Kurma – The Pivotal Supporter
Kurma, also popularly known as Koroma, is a Hindu deity who is regarded as the second incarnation of Vishnu. The incarnation of the deity is believed to have appeared in the Satya Yuga. It is also known as the Age of Truth. It is the age when humanity and morality governs the society and every action is performed with intrinsic goodness. It is believed that in this age, umanityis governed by Gods The name KurmaKurma
Kurma, also popularly known as Koroma, is a Hindu deity who is regarded as the second... in Sanskrit literally translates to “tortoise”. There are many Vedic texts and other religious scriptures associated with the deity, which have been found in many parts of the world.
Kurma is generally depicted as a human with the body of a tortoise. The deity is shown to have either a dark or a golden complexion. Kurma is portrayed to have four hands. He holds a shell and a discus in his two hands and assumes the gestures of Abhaya and Varada Mudra with the other two. He is generally shown to bear the holy symbol of Swastika, It is a Hindu symbol which is usually made with rice and vermillion before starting nay big event or ceremony as it is considered auspicious. It represents the God and universal energy or Shakti. Four lines are used to make this mark and the four lines represents the four direction and Purushartha- the objects of human pursuit, which are natural order, wealth, desire and liberation. which represents fortune and well-being. Sometimes he is shown accompanied by his consort LakshmiLakshmi
Lakshmi is a Hindu goddess who is regarded as the ultimate deity of wealth....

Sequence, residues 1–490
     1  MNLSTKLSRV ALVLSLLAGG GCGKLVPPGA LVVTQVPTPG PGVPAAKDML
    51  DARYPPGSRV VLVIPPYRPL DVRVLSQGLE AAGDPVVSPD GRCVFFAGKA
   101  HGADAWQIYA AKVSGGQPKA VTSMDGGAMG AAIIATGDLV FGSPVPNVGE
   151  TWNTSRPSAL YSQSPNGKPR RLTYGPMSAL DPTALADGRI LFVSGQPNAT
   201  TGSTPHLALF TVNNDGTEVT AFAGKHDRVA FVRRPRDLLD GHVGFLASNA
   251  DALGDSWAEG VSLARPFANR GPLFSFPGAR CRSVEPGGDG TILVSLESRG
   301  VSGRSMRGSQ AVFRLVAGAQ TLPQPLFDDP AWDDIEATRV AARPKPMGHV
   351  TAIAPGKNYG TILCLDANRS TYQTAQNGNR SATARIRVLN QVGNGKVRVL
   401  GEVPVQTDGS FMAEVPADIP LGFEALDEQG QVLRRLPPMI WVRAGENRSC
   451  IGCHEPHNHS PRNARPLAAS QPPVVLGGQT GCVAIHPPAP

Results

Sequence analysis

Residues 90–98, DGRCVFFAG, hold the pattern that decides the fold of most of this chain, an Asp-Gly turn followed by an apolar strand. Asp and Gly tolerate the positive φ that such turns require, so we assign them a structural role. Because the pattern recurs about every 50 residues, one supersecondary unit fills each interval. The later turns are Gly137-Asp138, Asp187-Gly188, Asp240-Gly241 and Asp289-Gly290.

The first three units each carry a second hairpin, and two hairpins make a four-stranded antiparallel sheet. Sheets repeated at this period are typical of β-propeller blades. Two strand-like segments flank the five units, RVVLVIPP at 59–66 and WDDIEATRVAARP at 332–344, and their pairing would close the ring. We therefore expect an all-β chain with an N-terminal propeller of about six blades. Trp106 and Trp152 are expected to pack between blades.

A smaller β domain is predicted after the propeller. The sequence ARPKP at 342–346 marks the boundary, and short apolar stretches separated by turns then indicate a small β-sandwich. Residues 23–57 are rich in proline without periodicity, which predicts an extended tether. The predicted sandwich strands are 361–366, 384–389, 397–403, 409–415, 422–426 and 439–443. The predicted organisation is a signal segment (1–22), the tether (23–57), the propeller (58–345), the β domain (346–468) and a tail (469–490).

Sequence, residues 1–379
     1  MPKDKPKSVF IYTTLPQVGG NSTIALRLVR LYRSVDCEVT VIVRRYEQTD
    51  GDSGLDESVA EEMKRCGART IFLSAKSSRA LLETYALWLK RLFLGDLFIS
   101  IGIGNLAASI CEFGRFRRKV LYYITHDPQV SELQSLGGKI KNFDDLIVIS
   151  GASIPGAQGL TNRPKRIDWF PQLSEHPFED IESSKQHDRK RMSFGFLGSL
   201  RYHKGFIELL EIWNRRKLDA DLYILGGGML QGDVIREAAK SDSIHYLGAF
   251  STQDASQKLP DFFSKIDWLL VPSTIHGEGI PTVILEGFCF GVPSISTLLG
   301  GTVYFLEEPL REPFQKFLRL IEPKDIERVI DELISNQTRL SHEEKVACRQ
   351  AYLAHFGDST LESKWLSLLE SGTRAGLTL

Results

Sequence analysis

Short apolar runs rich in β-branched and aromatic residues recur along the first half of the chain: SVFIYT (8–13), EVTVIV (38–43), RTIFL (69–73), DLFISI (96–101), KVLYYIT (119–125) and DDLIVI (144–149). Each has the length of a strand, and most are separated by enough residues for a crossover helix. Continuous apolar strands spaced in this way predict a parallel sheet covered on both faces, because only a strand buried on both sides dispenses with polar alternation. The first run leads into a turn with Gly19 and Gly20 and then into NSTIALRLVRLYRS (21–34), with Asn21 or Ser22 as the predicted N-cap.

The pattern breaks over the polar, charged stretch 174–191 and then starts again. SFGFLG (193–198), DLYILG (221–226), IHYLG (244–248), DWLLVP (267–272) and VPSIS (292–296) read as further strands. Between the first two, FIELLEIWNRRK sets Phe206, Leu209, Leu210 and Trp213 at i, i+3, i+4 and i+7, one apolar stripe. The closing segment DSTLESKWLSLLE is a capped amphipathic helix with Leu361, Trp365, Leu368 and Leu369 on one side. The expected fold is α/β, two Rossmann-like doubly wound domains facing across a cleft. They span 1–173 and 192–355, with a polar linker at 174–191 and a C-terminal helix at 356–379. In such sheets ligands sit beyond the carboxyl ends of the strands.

It is believed that Indra, the king of gods, had become very arrogant and proud because of his position. He left no occasion to show off his power and considered himself above all. One day, he went out of his kingdom on his favorite elephant Airavata. Airavata was a beautiful, four-tusked, special, white colored elephant that Indra was very proud of. On his way, he met sage Durvasa. Durvasa was a very powerful sage who had a great influence on all beings including gods and was known to get angry very quickly. And as such, everyone respected him and talked to him very carefully. Durvasa was carrying a garland of flowers which never withered away and had great fragrance. He thought of presenting the same to Indra. When Indra encountered Durvasa, intoxicated by his pride, he did not even greet the sage properly and treated him very casually, without much respect. This, however, did not infuriate Durvasa, and he gifted the garland to Indra. Indra, in a very careless manner, took the garland and put it on the head of Airavata. The fragrance of the flowers of the garland was so strong that the elephant could not bear it, and Airavata threw the garland down to the ground. This enraged Durvasa and his eyes became red filled with anger. Indra suddenly realized what the sage could do, and he immediately came down from his elephant and pleaded to Durvasa not to curse him. Durvasa told him that he had apologized only because he knew that he was about to get cursed. Durvasa told Indra that he needs to be taught a lesson, and he cursed that Indra and all the Devas would lose all of their powers and become exhausted. Indra apologized and pleaded to the sage to take away the curse but to no avail.